Watch this clip in which Dylan Wiliam reviews the importance of giving learners effective feedback as an integral component of formative assessment.
The feedback was why we started really, because a lot of the research on formative assessment was about different kinds of feedback... and what we found was that most of the feedback that’s come in schools is the least helpful in terms of what psychologists have found. There’s lots of different ways of looking at feedback, but a very important way of looking at feedback is whether its ego involving or task involving.
So if you say to students that they did very well that they did one of the best pieces of work in the class, that's ego involving because it focuses on that person’s position in the class. Whereas, if you get feedback that’s says things like, well this is what you need to do to improve... then that focuses on the task. And what the research shows very clearly is that ego involving feedback is rarely effective and, in fact, can lower achievement. So when students get grades and they can compare themselves with each other, where they get praise...the effects are usually or often zero and, sometimes, negative. In other words, in many cases rather than giving that kind of praise you would have been better off shutting up and giving no feedback at all! Students given that kind of praise do less well than students given no feedback at all.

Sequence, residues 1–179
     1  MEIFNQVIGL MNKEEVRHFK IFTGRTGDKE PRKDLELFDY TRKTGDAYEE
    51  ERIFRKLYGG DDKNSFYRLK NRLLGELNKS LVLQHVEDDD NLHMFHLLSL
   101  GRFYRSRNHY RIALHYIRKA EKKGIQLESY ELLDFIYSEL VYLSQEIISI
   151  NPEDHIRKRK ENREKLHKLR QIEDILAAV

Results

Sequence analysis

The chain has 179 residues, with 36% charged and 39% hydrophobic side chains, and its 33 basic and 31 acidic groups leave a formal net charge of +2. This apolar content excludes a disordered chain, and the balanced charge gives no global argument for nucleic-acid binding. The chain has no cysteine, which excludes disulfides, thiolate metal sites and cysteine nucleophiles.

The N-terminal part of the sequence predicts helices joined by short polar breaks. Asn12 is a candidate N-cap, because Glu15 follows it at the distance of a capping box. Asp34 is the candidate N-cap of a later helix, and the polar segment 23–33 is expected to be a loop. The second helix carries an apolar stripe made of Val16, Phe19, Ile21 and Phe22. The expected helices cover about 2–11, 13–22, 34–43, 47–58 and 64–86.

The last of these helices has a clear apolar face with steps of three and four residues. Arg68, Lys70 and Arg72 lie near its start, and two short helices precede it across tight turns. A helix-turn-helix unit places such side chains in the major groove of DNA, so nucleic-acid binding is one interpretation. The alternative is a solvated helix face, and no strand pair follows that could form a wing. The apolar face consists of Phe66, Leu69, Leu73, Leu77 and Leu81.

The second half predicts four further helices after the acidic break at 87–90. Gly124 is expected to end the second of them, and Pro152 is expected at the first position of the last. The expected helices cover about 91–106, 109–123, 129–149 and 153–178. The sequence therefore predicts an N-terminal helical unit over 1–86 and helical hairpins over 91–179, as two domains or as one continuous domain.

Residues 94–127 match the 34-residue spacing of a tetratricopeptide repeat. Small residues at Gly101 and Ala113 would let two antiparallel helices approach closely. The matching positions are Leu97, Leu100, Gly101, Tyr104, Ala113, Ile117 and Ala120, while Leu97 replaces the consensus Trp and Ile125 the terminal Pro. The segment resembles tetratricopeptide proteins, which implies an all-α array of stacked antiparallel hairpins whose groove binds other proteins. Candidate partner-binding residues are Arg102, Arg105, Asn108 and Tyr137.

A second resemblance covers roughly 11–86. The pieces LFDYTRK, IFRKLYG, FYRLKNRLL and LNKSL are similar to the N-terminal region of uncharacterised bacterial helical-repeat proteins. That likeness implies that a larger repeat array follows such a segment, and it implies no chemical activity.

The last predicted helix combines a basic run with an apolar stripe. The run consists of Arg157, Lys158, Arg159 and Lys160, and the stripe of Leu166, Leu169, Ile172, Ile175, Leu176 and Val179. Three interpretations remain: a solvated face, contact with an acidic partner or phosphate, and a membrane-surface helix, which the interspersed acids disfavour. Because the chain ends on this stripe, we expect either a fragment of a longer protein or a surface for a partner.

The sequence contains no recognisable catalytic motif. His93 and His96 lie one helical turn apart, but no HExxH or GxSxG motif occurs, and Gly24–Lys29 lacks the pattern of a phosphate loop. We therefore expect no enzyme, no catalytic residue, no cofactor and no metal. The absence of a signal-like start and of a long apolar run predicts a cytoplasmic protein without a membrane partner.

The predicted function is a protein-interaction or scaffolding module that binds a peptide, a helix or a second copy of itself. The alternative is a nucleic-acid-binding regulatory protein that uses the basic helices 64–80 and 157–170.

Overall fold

But what the research also shows very clearly is the conditions under which feedback is successful. The research shows, for example, that when the feedback focuses on what students need to do to improve, and, in particular, how to go about it... then you get very large impacts on student achievement. So the challenge for teachers is to take these very broad principals that I’ve outlined and work out what it means to their own classroom.
The way I summarise all of this is to say that I think that good feedback causes thinking. The really important thing is that when a student gets a piece of feedback, the first thing they do is think, not react emotionally, not disengage but think. That’s very important because what the research on student motivation shows is that when they’re faced with a task or a response to a piece of work, students, basically, make a choice between deciding either to protect their wellbeing or to engage in activities that will actually help them grow as individuals and in their achievement. And if the first reaction of a student is to protect themselves and to restore their sense of well-being, what you will find is that students will focus on the things that will do that for them and they won’t focus on the learning.
So what we need to do is to give students feedback that helps them move forward. Give them feedback that makes it clear that ability is incremental rather than fixed, because if we send the message to students that ability is fixed then if you are confident that you can engage in the task you will go for it, for the brownie points. But if you’re not confident or think that you might actually fail when other people will succeed, you will disengage and basically, you will decide that you would rather be thought lazy than stupid.
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